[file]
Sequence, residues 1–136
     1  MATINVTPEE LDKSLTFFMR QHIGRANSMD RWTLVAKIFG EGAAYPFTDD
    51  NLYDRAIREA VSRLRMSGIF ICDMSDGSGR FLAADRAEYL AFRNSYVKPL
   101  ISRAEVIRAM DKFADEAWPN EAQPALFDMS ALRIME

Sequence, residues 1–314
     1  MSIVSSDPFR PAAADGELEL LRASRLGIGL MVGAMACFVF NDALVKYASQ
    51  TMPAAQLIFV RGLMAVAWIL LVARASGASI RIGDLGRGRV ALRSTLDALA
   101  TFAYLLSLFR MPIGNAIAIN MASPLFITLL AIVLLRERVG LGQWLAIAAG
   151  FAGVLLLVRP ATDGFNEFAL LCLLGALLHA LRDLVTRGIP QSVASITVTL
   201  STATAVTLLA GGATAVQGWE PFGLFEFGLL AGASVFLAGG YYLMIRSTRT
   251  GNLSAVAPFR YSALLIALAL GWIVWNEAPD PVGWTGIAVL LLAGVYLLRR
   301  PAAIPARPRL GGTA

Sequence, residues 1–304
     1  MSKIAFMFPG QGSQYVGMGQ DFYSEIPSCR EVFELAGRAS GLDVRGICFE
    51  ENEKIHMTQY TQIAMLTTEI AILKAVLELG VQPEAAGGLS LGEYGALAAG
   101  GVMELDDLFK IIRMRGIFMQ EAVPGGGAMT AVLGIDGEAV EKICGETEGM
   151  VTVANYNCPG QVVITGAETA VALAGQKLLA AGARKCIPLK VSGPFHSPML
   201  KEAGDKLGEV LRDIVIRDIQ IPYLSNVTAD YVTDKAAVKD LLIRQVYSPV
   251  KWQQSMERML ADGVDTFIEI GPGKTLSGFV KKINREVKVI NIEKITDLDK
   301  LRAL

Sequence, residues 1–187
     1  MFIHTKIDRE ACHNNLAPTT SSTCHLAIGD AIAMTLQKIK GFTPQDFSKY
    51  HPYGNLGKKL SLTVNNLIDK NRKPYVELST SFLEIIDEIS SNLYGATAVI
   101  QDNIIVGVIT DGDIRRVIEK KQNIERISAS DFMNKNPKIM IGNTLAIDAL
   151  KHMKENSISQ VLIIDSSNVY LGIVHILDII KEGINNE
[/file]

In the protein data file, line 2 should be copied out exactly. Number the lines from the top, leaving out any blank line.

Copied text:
     1  MATINVTPEE LDKSLTFFMR QHIGRANSMD RWTLVAKIFG EGAAYPFTDD